Cyclone Amphan, as it ravaged through West Bengal and Odisha in India, made one thing clear - no one was prepared for it.
The country already had too much on its plate with a deadly pandemic and a lockdown. On top of that, the cyclone had resulted in a war-like situation in Kolkata, in words of CM Mamata Banerjee. The city of joy was met with a rude shock on Thursday morning when the extent of the damage caused by the cyclone became evident. Till Wednesday, several had been convinced that the cyclone would weaken by the time it would reach Kolkata and like every time, this would just be another stormy evening, no more than a severe Kalboishakhi.
By 4:30 pm on that day, it was clear that this was a disaster nothing like what we've seen before. In another hour or two, the city had plunged into darkness with power being cut almost as soon as the cyclone hit Kolkata. With no connectivity and electricity - more than 14 lakh people prepared themselves for a brutally long and sleepless night - one filled with thoughts about how to reach out to their loved ones, if phone batteries will last till the morning after and how long till things return to normal.
Social distancing and coronavirus, not surprisingly, was the last thing on people's minds. The pandemic had taken a backseat in the state for the first time in months.
That changed overnight.
The following morning, people swarmed to the streets in large numbers to examine the damage incurred. Over one lakh trees had been uprooted. Nearly 80 people had lost their lives. The death toll dramatically increases if you count the number of birds and animals that died in the cyclone.
Jayita Mukherjee, a resident of Tollygunge, woke up at 5 am to go check on the favourite tree in her backyard, which had been uprooted in the storm. "I saw people were already out on the streets, standing in groups, discussing what to do about the massive 100-year-old Shirish tree that was blocking the whole society. Only a few of them had masks on," Mukherjee said.
Jayita's husband, Sumit, is a member of the society's association and took it upon himself to reach out to the CESC (Calcutta Electric Supply Corporation). Their society hadn't had electricity in the last 28 hours. "No one was doing anything. No member of the KMC (Kolkata Municipal Corporation) had even come to inspect the trees that had uprooted in our area. Unless the trees are removed, the CESC cannot do anything. I had to go to the CESC office myself," he said. When asked about safety measures while stepping out due to the pandemic, he said, "To be honest, I'd even forgotten we were in the middle of a pandemic. All I wanted was to get power back on without which the society wouldn't even get water."
There's only so much one can handle at one time. Yes, social distancing did go for a toss in the aftermath of the cyclone. Lanes and bylanes saw hundreds of people coming out of their homes to gauge the brevity of the situation, discussions between frantic neighbours about how to save water or charge electrical devices and even youth stepping forth to cut trees and clear road blockades so that vehicles could pass through.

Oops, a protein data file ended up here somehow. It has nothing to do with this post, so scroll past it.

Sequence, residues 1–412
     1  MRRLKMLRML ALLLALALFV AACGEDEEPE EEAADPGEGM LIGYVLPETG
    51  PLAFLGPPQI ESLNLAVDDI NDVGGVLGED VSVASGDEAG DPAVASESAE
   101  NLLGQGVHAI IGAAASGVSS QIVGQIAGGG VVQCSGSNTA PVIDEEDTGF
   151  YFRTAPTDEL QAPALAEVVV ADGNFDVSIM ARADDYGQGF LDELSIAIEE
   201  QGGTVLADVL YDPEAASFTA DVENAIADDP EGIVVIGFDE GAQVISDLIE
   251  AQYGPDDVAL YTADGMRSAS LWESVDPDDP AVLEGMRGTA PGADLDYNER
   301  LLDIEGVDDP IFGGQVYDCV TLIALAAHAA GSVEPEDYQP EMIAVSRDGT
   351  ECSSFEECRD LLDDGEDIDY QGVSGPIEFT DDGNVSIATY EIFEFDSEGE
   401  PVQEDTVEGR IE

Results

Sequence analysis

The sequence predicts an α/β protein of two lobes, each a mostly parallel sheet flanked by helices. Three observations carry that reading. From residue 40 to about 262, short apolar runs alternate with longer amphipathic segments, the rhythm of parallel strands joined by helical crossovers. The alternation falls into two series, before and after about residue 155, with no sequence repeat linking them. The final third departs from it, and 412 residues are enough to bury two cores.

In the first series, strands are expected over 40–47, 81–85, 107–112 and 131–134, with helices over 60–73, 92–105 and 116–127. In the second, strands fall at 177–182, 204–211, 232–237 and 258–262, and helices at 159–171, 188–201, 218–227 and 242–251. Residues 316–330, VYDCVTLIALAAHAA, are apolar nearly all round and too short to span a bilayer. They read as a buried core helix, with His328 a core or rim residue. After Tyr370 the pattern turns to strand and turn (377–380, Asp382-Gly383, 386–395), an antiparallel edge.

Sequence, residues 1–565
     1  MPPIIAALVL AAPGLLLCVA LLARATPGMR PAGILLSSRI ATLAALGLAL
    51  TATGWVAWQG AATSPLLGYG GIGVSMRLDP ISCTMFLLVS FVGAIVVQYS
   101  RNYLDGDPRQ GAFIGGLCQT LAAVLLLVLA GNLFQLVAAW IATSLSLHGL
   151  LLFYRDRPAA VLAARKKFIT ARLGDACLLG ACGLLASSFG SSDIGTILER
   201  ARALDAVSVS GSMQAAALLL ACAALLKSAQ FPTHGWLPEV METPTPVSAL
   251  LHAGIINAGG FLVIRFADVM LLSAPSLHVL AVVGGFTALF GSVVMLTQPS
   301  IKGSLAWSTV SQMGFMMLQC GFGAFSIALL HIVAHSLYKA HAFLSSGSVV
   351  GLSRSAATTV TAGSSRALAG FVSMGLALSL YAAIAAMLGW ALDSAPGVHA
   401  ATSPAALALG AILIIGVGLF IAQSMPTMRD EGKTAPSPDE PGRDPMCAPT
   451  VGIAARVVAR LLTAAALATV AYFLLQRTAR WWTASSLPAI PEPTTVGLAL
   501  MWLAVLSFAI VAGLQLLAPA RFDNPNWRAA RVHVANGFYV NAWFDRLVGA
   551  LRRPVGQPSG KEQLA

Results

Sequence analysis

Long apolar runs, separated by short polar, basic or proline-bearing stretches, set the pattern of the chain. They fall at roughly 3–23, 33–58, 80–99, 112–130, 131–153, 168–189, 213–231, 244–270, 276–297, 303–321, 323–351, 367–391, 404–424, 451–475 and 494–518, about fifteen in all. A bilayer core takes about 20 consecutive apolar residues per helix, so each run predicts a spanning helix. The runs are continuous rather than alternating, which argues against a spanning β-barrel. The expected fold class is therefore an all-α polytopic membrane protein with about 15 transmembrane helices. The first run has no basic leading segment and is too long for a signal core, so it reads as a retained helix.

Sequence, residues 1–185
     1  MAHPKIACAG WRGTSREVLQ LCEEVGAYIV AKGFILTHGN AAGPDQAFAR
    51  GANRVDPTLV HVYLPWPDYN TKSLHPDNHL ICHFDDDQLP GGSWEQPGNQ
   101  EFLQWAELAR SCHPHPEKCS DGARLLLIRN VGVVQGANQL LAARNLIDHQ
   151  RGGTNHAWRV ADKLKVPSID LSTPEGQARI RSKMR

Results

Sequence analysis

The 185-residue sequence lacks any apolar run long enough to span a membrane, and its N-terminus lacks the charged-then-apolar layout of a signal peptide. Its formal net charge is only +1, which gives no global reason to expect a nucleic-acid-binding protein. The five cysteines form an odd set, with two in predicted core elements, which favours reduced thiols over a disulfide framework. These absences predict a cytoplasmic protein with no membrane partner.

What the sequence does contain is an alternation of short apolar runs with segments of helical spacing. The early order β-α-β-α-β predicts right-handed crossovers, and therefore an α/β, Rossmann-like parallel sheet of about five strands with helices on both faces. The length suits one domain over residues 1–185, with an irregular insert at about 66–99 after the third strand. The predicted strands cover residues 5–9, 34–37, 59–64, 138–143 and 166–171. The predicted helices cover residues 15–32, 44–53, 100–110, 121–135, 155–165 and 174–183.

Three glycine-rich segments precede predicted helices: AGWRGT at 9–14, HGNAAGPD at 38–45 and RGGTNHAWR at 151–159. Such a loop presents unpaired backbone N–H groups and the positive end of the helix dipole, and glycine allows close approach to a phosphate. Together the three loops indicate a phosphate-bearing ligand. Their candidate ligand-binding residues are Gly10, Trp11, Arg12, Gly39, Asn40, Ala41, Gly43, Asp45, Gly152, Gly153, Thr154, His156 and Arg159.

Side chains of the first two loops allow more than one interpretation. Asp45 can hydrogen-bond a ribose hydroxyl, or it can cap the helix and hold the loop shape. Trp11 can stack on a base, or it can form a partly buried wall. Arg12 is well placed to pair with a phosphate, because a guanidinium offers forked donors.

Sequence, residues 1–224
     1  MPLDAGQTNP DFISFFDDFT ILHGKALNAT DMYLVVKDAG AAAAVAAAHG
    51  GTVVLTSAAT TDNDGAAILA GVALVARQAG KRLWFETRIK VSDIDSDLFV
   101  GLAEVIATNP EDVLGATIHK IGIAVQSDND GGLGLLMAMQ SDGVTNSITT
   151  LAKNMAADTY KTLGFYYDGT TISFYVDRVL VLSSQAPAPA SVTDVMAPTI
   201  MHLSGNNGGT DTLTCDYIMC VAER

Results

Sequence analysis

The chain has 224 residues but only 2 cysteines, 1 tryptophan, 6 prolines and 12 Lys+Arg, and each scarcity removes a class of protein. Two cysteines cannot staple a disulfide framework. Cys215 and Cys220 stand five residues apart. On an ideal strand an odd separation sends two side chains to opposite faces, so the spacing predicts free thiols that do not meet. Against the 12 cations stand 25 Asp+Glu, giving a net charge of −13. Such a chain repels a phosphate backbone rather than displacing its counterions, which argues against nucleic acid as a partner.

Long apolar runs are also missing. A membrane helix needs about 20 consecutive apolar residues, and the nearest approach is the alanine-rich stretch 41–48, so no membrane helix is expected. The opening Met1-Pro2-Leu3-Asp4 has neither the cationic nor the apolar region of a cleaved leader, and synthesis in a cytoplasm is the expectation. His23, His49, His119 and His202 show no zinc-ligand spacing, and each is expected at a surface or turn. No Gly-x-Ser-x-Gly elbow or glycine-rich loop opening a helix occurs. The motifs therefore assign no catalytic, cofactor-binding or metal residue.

A resident of South Kolkata, who did not want to be identified, said that he had taken on the responsibility of cutting up trees in his neighbourhood, along with other volunteers. "We had no idea when KMC or CESC would turn up. How much longer could we wait? I had initially worn a mask when I stepped out but it was impossible to keep it on in the scorching heat. My glasses kept fogging up!" he said.
Rupsha Bhadra, a resident of a gated complex in Netaji Nagar, was one of the few fortunate ones who had electricity. However, a majority of houses in her locality didn't. Her father, Saikat Bhadra, took charge of the situation and offered to help the others in the society by charging their phones. The scenes in their society on Thursday morning was quite unlike what one had seen even one day earlier. It was reminiscent more of a life before coronavirus.
"People are merrily chatting away. But can you really blame them? Human beings can handle only one crisis at a time," said Rupsha.
Ahana Sen, an architect living in another gated complex in Tollygunge, stepped out of the house for the first time since the lockdown. Although she has been reminding her father and everyone else out on the streets about not shaking hands, avoiding contact and wearing a mask irrespective of how uncomfortable it is, said that this "socialising" is probably what people needed.
"I think the people of my society needed this. Yes, there is absolutely no social distancing. But there is nothing that can be done about it. People are staying out the whole night to ensure CESC does its duties and power is restored. The team from CESC must have travelled to multiple localities before coming here, even places with coronavirus cases. But now isn't the time to think about all that," she said.
Much has been said on social media how Bengal, and specifically Kolkata, failed to abide by the norms of social distancing during the cyclone and in the days after it. Many have even condemned it. But really, it is much easier said than done. When you've been stripped of even the most basic of amenities and your cries for help are falling on deaf ears, masks and sanitizers become the least of your priorities.